- Only a few lenders offer reverse mortgages
- Should be aware of risks, such as interests and costs liable when the mortgage is discharged
- Interest payable will be added to the loan amount together with the costs after your death
A reverse mortgage is one when no payments are required.
Basically, the payment is made on your death on the sale of your property. It should be noted only a few lenders provide this type of loan
If you are unable to obtain a traditional mortgage whereby you would make monthly repayments (or do not wish to use that method of finance) a reverse may suit you
The lender will value your property to ensure there is equity to cover the loan plus interest and costs so there will be sufficient funds to repay the loan.
The lender will advance the money in terms of a reverse mortgage, and you do not have to make any repayments on the property until it is either sold or on your death. You can make payments if you wish.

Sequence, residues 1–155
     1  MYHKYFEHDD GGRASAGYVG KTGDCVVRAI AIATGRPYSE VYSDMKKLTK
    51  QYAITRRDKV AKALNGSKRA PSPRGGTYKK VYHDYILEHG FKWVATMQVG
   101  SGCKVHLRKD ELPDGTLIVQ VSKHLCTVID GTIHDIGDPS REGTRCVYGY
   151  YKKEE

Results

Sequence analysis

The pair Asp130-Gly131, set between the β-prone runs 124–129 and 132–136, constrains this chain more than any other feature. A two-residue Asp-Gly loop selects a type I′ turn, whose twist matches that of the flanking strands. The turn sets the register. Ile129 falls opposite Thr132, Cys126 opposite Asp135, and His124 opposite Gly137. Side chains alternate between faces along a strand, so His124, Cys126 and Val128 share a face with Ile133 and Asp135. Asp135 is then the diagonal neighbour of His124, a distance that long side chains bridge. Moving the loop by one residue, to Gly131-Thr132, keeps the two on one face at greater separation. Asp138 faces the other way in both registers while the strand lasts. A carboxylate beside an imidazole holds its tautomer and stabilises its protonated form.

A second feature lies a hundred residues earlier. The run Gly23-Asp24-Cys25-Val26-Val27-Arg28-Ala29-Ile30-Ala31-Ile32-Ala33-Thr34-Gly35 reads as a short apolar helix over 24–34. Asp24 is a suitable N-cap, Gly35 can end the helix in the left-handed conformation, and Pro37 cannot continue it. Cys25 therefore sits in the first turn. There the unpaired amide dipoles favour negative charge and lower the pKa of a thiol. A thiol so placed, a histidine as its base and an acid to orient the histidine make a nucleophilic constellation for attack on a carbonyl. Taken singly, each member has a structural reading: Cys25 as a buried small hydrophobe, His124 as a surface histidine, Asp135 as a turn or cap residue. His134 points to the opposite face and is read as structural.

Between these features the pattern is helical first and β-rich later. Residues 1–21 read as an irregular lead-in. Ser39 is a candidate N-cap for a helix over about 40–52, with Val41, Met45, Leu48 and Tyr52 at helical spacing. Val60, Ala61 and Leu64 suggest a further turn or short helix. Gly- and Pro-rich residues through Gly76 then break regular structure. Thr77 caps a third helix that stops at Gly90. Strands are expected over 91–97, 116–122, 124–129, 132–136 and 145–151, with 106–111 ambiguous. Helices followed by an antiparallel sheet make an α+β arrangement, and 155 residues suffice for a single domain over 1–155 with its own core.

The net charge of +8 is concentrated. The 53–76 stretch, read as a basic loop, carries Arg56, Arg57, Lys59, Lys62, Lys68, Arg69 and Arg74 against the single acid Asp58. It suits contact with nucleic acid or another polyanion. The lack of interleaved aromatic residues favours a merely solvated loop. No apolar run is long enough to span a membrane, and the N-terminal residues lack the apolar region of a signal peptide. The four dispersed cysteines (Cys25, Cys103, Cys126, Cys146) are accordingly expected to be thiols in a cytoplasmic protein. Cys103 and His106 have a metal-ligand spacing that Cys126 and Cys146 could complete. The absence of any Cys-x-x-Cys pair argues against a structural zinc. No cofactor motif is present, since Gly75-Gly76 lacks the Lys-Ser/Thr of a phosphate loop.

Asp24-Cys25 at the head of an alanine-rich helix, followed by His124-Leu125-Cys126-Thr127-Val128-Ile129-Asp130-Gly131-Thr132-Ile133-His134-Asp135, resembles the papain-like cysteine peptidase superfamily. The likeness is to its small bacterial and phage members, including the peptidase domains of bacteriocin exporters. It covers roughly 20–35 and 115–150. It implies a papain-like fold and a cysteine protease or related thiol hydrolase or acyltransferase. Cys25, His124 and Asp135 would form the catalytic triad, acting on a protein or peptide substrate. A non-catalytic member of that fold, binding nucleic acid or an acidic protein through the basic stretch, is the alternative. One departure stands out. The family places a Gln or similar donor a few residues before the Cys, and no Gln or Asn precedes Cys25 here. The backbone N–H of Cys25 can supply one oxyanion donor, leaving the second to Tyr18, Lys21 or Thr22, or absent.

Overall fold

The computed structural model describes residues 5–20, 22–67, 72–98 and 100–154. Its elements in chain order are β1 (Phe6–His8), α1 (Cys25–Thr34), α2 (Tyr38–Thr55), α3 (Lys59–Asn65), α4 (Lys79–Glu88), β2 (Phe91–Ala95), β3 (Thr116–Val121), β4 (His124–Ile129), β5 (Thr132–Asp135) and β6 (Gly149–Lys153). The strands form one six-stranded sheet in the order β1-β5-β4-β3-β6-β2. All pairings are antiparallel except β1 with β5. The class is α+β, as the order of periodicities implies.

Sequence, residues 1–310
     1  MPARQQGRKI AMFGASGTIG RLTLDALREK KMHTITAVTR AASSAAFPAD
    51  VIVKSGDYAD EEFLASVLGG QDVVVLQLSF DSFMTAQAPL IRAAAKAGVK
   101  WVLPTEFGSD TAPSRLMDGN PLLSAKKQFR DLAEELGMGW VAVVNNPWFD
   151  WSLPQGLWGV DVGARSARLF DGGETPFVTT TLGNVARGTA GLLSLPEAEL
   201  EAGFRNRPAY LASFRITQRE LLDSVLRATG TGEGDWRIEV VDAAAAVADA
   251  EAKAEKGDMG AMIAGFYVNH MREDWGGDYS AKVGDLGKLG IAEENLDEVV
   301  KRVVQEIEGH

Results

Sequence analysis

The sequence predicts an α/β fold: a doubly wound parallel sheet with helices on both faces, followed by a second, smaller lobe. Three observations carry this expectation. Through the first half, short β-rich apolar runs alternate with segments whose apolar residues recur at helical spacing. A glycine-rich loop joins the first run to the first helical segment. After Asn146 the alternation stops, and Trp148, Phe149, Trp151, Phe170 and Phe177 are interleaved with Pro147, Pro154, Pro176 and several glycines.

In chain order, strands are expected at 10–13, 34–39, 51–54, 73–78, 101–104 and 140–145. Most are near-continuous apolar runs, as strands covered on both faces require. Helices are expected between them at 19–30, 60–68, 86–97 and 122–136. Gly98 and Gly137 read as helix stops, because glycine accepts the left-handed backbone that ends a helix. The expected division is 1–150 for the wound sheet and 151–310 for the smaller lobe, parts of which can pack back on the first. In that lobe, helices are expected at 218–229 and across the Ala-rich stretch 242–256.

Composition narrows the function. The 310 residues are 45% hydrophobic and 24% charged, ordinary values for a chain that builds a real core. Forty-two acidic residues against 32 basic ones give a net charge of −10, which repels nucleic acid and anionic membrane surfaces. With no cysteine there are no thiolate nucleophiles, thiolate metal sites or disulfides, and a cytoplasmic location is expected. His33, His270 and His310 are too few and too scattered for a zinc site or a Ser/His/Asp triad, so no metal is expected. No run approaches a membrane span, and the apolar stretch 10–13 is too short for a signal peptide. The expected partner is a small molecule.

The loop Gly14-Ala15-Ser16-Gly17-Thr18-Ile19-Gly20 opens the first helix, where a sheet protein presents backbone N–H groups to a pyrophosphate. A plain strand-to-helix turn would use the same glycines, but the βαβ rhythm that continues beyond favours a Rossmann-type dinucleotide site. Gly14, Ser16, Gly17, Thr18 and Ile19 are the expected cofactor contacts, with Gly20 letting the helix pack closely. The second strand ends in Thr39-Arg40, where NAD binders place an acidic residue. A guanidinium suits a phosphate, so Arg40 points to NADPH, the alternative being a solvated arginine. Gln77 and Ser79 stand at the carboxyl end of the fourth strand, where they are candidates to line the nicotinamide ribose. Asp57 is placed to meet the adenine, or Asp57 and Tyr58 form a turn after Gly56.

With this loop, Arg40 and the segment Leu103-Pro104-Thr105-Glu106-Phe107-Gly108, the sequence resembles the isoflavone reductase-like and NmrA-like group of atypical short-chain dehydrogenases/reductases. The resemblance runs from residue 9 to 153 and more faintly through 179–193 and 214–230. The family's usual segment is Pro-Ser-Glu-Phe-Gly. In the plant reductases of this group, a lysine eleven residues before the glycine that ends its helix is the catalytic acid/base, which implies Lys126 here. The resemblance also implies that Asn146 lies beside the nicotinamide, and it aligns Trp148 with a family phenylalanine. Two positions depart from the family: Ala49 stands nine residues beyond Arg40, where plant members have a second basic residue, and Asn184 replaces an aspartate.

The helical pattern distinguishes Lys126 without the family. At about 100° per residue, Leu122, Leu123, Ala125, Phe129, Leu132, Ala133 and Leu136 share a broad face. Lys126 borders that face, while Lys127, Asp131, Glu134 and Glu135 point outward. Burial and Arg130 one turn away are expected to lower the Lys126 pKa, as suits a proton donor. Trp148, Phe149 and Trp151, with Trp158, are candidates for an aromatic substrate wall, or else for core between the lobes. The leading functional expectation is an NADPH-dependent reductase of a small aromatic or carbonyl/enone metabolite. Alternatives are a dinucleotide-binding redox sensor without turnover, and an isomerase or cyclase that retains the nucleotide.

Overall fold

You should carefully consider whether this type of finance is suitable for you, and you are aware of the risks
The lender will charge interest and costs on the loan and you will be liable to repay on discharge of the mortgage. The interest may be more than the current interest rates
You are obliged to insure the property and keep it in a good condition
You are obliged to adhere to all the Bank’s requirements set out in the loan document
The interest payable will be added to the loan amount together with the costs after your death
Some reasons why reverse mortgages are used
To renovate your home to make it more accessible if you need a wheelchair
To buy a caravan or travel
To fund a medical procedure
You should not sign any documents without seeking financial and legal advice
If in doubt, don’t use this method – borrow from family.